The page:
Science & Miracle.By H. K. Rusden.
Science and Miracle.
[Read before the Free Discussion Society on 21st May, 1882.]
Bishop Moorhouse's late lecture on this subject of "Science and Miracle" is not the least remarkable of those with which he has astonished his auditors and readers. The Bishop is an intelligent man, and cannot but be forcibly impressed by the vast additions which are daily being made to exact knowledge or science, and the consequent detractions which are made from inexact or confused knowledge, or, as he says, speculation. Like his great prototype Bishop Berkely, however,—to save his particular theories by which he lives, and moves, and has his being as a church dignitary,—he takes refuge in metaphysics; and by calling that science which is not science, but confused knowledge or speculation, he makes true, exact science appear as uncertain as speculation. He thus loses or obscures the important distinction between the two, and then makes believe that there is no real difference between them. Science and superstition, however, are like oil and water; you may shake them up in a rhetorical bottle, and pour them out then, apparently, a homogenous fluid; but let them remain at rest for but a little time, and regard them with attention, and you will see them resume their natural and distinct relative positions. I propose to show the line of demarcation which naturally subsists between them, and how the Bishop has managed to mix them together. Bishop Berkely began this metaphysical confusion, and turned it to great account; and so dexterously that many men to-day who should know better are deceived into thinking that the mixture is permanent, if not natural. Let us see what are its constituents, and what are their natural relative positions.page 3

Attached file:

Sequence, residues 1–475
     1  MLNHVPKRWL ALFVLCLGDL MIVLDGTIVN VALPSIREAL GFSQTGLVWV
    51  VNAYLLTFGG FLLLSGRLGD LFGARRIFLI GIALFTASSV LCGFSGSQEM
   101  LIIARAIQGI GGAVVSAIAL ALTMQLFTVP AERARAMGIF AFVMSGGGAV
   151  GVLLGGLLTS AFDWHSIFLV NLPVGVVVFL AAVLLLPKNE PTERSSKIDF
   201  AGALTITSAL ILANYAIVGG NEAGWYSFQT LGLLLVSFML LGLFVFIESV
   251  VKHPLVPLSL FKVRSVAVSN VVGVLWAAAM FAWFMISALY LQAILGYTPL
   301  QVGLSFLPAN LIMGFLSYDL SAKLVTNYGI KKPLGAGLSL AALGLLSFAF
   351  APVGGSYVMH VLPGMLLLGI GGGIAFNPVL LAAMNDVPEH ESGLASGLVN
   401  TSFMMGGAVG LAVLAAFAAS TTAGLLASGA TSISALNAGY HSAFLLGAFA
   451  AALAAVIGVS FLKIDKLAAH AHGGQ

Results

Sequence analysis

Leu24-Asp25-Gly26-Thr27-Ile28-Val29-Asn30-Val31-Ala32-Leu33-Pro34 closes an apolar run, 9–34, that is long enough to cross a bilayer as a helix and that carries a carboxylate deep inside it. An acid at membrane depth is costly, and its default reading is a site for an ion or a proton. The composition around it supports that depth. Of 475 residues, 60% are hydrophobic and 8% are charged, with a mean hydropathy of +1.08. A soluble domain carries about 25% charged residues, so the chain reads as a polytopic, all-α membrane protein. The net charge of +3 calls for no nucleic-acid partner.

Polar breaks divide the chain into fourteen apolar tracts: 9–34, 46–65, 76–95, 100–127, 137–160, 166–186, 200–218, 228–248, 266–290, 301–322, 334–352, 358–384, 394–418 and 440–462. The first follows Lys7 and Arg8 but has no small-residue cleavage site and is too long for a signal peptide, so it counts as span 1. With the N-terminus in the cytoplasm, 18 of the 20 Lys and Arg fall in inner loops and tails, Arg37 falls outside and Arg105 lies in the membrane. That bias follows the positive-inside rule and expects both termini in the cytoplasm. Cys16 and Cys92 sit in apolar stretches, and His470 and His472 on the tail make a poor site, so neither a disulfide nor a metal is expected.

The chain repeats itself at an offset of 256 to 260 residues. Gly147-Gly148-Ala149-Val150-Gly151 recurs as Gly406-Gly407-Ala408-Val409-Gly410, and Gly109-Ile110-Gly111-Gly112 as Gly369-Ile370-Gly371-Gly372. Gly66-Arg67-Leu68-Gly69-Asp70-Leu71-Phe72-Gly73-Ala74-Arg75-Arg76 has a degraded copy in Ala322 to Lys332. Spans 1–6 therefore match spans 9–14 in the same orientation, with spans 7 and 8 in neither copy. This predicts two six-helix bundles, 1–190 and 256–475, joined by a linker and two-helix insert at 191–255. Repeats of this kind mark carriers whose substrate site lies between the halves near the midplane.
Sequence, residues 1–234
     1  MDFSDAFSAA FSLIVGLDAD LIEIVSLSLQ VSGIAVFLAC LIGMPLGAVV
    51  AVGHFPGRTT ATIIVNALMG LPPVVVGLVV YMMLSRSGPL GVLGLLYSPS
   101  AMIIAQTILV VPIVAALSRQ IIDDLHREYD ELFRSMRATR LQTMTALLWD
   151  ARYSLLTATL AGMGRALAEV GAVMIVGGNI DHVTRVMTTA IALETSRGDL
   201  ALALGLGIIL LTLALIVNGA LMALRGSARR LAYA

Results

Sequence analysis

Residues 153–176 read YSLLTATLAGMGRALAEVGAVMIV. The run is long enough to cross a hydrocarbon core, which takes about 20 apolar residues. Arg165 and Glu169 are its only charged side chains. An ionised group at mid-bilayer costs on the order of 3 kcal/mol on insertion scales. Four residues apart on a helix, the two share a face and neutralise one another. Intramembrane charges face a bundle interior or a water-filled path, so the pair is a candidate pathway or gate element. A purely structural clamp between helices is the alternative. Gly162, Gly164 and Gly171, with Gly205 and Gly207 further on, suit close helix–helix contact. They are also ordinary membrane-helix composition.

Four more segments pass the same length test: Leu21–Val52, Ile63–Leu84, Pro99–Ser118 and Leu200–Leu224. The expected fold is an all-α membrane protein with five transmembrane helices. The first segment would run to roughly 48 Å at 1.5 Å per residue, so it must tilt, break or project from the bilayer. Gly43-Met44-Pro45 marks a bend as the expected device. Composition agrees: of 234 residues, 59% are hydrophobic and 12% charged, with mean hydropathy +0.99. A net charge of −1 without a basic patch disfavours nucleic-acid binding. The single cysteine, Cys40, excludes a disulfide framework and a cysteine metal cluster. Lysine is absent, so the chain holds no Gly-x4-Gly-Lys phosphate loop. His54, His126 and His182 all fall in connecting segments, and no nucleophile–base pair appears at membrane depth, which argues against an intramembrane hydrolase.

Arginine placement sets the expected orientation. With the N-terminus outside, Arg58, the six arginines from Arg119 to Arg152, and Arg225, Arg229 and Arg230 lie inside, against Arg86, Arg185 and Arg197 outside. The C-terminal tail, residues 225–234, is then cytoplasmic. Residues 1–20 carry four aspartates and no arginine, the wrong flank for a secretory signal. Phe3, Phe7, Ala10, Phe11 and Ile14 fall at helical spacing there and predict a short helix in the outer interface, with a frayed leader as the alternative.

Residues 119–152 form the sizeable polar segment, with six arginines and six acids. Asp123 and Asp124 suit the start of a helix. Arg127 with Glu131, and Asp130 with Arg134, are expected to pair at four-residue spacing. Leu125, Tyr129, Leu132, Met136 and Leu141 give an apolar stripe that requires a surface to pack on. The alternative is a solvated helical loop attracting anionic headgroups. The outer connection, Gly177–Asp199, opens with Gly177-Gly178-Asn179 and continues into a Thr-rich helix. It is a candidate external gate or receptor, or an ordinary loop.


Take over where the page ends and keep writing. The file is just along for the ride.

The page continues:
The Bishop began by explaining his idea of Science. "Let us ask," he said "what it is that we know." Now instead of regarding as Science that kind of knowledge which has advanced civilized man above the savage,—the careful observation of external Nature, and the checking of that observation by exact measurement, experiment, and verification of the relations, of the actual objects before us, he follows Berkeley's method of introspection, and says that we know nothing but states of conciousness! Now a state of consciousness is not an object of scientific knowledge—such exact knowledge as I allude to as having helped man forward in civilisation; it is but a means by which we arrive at that knowledge. To say we know states of consciousness only is to mistake the means for the end. States of consciousness are means only by which we observe the actual objects—the knowledge of which is profitable. If we really regarded a state of consciousness as the object of knowledge, we should never get beyond it. We should know nothing of the real object; as the Bishop says that we now know nothing of it. But I maintain that we have knowledge of external objects; and more certain useful knowledge of them by observation and experiment than we have or could have by following the Bishop's introspective method, which is calculated merely to confuse and deceive.